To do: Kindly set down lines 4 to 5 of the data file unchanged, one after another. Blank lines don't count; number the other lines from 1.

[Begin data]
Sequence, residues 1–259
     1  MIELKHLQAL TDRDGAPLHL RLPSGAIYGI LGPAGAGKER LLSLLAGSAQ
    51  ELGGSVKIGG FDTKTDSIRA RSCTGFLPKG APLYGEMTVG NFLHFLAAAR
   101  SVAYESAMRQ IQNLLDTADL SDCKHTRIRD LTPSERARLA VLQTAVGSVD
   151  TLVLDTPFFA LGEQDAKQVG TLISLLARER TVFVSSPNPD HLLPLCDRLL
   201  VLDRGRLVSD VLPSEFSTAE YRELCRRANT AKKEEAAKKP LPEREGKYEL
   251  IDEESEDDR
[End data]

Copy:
   101  SVAYESAMRQ IQNLLDTADL SDCKHTRIRD LTPSERARLA VLQTAVGSVD
   151  TLVLDTPFFA LGEQDAKQVG TLISLLARER TVFVSSPNPD HLLPLCDRLL